CHICAGO , Feb. 18 /PRNewswire-USNewswire/ -- A suburban Chicago father and U.S. Citizen testified today about repeated, lengthy and abusive stops upon his return to the United States after business and family trips. The testimony offered by suburban businessman Akif Rahman was presented to the United Nations' Committee on the Elimination of Racial Discrimination (CERD). The testimony is the latest step by Mr. Rahman to seek a change to U.S. border policies that subject individuals to these unnecessary stops.
Mr. Rahman filed a lawsuit in June 2005 asking the federal government to implement changes to the Federal Bureau of Investigation's Terrorist Screening Center (TSC) and the policies of Customs and Border Protection (CBP) to ensure that he no longer was subjected to detentions and harassment by federal officials when re-entering the United States . Since March 2004 , Mr. Rahman was detained and questioned by Department of Homeland Security (DHS) officials on five separate occasions as he re-entered the country after business or personal trips abroad, detentions lasting unreasonably lengthy times - up to six hours. On one occasion, Mr. Rahman was subjected to unnecessary excessive force during a body search, and painfully shackled to a chair for approximately three hours while isolated from his wife and children.
In testimony prepared for the U.N. Committee hearings, Mr. Rahman says that "It seems to be clear that the U.S. government has created and - to this day - maintains screening policies that unfairly target and profile the Muslim and Arab communities in my country. I look forward to the day when this targeting and discrimination stops."
"All of us want to be safe from terrorism," Rahman adds. "The price of that safety must not, however, be that innocent Americans are repeatedly detained, handcuffed, guarded and questioned for hours when simply trying to re-enter their own country. "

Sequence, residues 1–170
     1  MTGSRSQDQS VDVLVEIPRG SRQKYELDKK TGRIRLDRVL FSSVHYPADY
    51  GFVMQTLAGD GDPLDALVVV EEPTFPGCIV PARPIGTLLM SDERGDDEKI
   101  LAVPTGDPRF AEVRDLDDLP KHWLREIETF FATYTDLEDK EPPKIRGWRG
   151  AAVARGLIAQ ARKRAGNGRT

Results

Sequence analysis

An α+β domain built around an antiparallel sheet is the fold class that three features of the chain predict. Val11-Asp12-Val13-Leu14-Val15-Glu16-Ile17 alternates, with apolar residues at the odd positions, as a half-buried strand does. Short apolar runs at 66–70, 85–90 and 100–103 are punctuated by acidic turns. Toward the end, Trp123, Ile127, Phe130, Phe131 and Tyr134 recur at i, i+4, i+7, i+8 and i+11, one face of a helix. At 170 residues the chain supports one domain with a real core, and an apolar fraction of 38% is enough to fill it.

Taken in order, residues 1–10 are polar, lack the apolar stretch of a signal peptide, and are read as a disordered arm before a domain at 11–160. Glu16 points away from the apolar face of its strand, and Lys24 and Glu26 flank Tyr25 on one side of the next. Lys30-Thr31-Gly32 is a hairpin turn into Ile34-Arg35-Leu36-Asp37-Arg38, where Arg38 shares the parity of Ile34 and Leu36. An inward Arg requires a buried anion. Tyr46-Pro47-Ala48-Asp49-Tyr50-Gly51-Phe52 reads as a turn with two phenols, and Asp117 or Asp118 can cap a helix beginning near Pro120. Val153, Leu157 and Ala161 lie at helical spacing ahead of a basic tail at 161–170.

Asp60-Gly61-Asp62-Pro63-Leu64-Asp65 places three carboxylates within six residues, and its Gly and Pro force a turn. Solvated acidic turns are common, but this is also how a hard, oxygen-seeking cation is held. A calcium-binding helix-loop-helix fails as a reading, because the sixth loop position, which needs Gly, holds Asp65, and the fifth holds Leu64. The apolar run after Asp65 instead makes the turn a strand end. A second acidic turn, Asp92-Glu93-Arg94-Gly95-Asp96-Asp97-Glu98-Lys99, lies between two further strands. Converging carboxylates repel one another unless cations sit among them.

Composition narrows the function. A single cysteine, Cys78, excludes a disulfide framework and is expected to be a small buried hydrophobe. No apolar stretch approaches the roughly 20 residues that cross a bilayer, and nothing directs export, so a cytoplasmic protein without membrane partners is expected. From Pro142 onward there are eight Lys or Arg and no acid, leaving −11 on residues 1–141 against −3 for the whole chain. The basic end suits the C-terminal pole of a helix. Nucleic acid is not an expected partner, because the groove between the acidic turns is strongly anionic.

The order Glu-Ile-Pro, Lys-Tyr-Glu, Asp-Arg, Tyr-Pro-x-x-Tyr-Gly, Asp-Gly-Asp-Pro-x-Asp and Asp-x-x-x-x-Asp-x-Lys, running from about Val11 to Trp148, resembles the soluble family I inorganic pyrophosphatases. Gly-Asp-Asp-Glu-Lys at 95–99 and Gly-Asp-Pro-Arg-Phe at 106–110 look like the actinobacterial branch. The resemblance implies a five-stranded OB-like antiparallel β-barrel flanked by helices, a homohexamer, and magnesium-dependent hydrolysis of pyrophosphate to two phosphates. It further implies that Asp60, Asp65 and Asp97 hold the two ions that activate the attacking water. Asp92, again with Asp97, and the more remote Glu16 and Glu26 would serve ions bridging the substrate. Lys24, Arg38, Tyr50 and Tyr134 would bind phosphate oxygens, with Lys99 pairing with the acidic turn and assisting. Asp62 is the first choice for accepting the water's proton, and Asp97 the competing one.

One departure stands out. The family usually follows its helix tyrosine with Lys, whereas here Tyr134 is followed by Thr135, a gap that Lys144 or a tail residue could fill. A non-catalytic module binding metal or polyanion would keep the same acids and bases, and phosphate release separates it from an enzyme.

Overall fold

The CERD is hearing this week from the U.S. government, as well as the American Civil Liberties Union and other non-governmental organizations about the state of racial discrimination in the U.S. The meeting is a follow-up to an official American government report, submitted in April 2007 to CERD. In December 2007 , the ACLU released a shadow report on the pervasive institutional, systemic, and structural racism in the United States . The ACLU and other groups' shadow reports, including details about the government's treatment of Mr. Rahman , serve as background for the CERD's questioning of an official U.S. government delegation this week.
Mr. Rahman is representative of thousands of persons, according to the American Civil Liberties Union of Illinois. Thousands of persons are stopped, questioned, abused and harassed at points of entry to the country each year - action that results from flaws in the TSC. According to a U.S. Department of Justice report, the TSC administers a database with more than 200,000 names, persons who are claimed by the government to have "any degree of terrorism nexus." The report identifies the two major flaws in the system which is the focus of the lawsuit. First, the process for classifying these individuals is flawed, resulting in many individuals being "over-classified," considered dangerous when they pose no real threat to our nation. Second, mistakes in the database operated by the TSC cause many individuals to be "misidentified," and subject to terrorist screening for no reason whatsoever. As a result of these two problems, the plaintiffs in today's lawsuit collectively have been stopped and questioned on more than thirty (30) occasions, despite the fact that they are law abiding citizens, always cleared for re-entry to the U.S. after these recurring and punitive detentions.
Mr. Rahman is joined in Genevaby Harvey Grossman , Legal Director for the American Civil Liberties Union of Illinois.